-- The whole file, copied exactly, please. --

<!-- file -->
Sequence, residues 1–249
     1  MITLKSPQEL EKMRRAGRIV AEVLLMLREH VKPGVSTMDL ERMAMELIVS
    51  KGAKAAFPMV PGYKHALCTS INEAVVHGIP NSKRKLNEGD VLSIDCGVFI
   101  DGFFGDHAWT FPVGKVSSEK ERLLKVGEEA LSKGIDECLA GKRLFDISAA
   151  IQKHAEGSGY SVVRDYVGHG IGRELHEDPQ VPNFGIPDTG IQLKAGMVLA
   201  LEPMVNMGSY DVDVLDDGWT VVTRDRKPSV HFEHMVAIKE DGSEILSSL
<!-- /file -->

Sequence, residues 1–249
     1  MITLKSPQEL EKMRRAGRIV AEVLLMLREH VKPGVSTMDL ERMAMELIVS
    51  KGAKAAFPMV PGYKHALCTS INEAVVHGIP NSKRKLNEGD VLSIDCGVFI
   101  DGFFGDHAWT FPVGKVSSEK ERLLKVGEEA LSKGIDECLA GKRLFDISAA
   151  IQKHAEGSGY SVVRDYVGHG IGRELHEDPQ VPNFGIPDTG IQLKAGMVLA
   201  LEPMVNMGSY DVDVLDDGWT VVTRDRKPSV HFEHMVAIKE DGSEILSSL